Sales enablement managers and staff also align sales and marketing teams. Both deliver enablement content for marketing, and help feed back competitive intelligence uncovered by sales reps to the marketing team.
In short, sales enablement comes down to improving buyer interactions with learning & content-based strategies that directly support the sales cycle.
Depending on the needs of the business, sales enablement could be just one individual in a dedicated role, or an entire team.
• What is sales enablement content?
• The ultimate sales enablement guide.
The difference between sales operations and sales enablement teams
So what’s the difference?
Sure, there’s some overlap, but here’s where they differ:
Sales operations is responsible for processes and systems. They’re the engineers working on the infrastructure and getting the trains to run on time. They’ll decide what roles need filling and what to train their people in.
Sales enablement supports those new hires and gets them the stuff they need to help do their one job: selling
Both roles will liaise with sales managers and report sales performance metrics to sales managers. And different employers might interpret the roles in different ways. So a job ad for a sales operations manager at one organization might include some of the same responsibilities as a sales enablement manager job ad at another.
Plus, each role might contribute towards the same end in different ways. While sales enablement pros head up training and development sessions for their sales reps, sales operations staff might be leveraging CRM data to identify areas where the whole team can improve. Both, in the end, are still contributing to sales success within the organization through identifying and executing on training initiatives.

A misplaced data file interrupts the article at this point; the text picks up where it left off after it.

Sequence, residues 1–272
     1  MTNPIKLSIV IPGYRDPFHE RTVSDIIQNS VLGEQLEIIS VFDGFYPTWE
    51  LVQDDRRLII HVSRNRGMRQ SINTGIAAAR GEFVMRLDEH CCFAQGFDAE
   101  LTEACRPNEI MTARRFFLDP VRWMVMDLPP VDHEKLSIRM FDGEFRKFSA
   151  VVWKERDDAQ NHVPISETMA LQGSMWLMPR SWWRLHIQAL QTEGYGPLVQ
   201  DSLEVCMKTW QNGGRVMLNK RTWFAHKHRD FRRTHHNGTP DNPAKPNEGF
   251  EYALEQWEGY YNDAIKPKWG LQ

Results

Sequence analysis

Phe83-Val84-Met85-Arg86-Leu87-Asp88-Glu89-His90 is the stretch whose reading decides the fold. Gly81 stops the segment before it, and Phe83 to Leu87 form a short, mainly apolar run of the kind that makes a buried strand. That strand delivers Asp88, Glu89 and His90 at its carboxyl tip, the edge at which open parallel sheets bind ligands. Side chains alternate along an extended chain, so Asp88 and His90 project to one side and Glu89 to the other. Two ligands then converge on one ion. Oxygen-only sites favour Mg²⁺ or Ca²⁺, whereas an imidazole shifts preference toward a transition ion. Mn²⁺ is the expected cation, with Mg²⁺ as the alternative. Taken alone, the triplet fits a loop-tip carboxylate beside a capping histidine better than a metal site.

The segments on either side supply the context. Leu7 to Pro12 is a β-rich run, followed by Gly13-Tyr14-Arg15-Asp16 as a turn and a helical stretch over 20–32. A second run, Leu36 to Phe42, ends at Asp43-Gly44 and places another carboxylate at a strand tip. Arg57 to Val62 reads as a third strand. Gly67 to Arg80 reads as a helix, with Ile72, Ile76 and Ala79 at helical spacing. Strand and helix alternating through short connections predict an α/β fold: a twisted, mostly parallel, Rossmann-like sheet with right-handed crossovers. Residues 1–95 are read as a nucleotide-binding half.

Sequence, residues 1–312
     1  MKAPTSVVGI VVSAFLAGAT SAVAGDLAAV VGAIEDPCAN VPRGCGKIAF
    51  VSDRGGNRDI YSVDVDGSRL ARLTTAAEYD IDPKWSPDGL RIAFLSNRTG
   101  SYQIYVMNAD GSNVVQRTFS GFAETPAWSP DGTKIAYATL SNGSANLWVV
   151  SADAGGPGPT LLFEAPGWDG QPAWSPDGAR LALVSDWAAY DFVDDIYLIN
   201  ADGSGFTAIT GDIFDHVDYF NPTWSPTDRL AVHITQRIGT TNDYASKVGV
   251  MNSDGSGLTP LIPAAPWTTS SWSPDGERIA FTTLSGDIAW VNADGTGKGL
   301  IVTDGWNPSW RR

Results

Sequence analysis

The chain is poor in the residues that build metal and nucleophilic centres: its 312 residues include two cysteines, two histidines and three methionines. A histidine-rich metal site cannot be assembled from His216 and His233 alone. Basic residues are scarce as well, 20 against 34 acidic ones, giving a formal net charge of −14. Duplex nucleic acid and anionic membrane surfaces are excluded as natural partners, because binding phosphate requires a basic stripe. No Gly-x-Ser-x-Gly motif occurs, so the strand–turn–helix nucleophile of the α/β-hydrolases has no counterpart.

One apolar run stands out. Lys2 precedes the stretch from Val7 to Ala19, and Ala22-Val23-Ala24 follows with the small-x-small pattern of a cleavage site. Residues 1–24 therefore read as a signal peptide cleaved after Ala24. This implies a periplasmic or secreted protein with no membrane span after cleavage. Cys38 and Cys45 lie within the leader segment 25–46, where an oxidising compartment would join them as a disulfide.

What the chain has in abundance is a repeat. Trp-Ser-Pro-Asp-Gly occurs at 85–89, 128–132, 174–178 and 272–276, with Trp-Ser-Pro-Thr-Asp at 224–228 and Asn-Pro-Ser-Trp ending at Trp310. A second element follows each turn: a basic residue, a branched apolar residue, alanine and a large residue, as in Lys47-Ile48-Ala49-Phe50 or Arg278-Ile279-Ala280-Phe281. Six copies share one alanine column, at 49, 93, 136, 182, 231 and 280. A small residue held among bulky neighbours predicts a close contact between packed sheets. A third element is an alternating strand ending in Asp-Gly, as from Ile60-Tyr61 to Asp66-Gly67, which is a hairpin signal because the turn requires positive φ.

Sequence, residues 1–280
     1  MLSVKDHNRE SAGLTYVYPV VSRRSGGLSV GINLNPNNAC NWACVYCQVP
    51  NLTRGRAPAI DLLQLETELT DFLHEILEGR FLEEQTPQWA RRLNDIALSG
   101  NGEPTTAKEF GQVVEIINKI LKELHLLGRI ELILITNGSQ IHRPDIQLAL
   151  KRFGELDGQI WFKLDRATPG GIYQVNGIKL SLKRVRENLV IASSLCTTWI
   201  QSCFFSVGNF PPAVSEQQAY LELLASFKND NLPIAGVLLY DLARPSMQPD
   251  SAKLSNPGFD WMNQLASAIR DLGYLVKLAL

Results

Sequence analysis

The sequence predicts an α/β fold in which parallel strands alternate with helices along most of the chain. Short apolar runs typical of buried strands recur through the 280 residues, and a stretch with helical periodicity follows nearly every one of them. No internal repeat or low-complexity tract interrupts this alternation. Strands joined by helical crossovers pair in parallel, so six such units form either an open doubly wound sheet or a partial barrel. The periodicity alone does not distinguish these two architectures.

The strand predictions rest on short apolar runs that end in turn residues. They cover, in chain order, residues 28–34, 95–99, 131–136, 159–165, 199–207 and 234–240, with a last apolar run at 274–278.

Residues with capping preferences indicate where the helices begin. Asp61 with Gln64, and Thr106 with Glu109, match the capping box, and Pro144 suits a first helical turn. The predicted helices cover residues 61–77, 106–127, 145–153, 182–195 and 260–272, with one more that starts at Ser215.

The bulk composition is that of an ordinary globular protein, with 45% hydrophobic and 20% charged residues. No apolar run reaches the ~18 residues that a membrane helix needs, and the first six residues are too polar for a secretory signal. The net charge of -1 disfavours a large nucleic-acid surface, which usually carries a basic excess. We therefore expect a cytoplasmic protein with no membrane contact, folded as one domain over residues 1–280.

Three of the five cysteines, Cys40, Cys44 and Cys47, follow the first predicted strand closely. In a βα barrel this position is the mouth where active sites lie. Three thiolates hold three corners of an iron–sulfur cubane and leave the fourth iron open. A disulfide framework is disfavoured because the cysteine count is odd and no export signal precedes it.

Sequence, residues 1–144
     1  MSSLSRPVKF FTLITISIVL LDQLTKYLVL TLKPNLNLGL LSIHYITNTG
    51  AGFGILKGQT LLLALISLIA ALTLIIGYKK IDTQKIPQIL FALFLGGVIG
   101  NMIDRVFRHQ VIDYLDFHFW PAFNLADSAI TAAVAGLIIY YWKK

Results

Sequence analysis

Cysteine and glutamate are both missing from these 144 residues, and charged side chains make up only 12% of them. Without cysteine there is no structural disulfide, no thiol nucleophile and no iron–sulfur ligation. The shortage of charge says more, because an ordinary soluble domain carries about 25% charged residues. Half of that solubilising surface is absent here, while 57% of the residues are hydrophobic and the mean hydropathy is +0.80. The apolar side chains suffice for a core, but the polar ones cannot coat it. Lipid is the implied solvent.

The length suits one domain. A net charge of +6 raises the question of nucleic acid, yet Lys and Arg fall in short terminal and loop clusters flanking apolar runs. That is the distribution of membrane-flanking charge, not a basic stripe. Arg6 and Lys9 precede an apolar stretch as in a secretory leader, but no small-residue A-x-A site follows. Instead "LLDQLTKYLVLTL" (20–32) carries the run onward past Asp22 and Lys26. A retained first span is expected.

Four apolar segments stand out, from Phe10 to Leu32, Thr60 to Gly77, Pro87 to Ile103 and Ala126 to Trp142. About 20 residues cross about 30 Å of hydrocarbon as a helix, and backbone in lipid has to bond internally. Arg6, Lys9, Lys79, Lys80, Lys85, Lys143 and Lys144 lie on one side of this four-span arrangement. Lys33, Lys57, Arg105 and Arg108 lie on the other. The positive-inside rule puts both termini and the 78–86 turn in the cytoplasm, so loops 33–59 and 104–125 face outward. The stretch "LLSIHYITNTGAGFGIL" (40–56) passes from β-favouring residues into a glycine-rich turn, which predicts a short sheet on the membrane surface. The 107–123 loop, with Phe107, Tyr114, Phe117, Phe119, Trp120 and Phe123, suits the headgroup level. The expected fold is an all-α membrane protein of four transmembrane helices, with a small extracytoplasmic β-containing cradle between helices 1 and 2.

How sales operations and sales enablement collaborate
So how do these two roles work together to improve sales success?
Imagine your sales reps are touring musicians. Sales operations gets them to the gig, books the flights and the hotels, manages the transport of the instruments and the rigging, determines how many crew members they’ll need. All that stuff.
Sales enablement works closely with the reps themselves, doing everything they can to ensure the show’s a success. They’ll give performance feedback, let them know what needs improving, and they’ll feed back what’s not working to sales operations.
Sales operations reps are the strategists. They create overarching sales objectives and strategies and ensure frameworks and processes are in place to make them possible.
Sales enablement helps the sales reps use the frameworks, tools, and strategies sales operations has created to reach their targets. They create content that can inform sales reps at a glance, and ensure this content is kept up to date with the latest competitive info and market intelligence so reps have the best possible shot at handling objections, steering conversations, and closing deals.
Ramp up your revenue
Interested in taking your revenue and sales teams to the next level?
Then it'll pay to take in the surroundings first. Download our Sales Enablement Landscape report now to learn:
- The most effective sales enablement assets.
- How companies organize their sales enablement efforts.
- The best sales enablement tools on the market.
...and more. 🙇♂️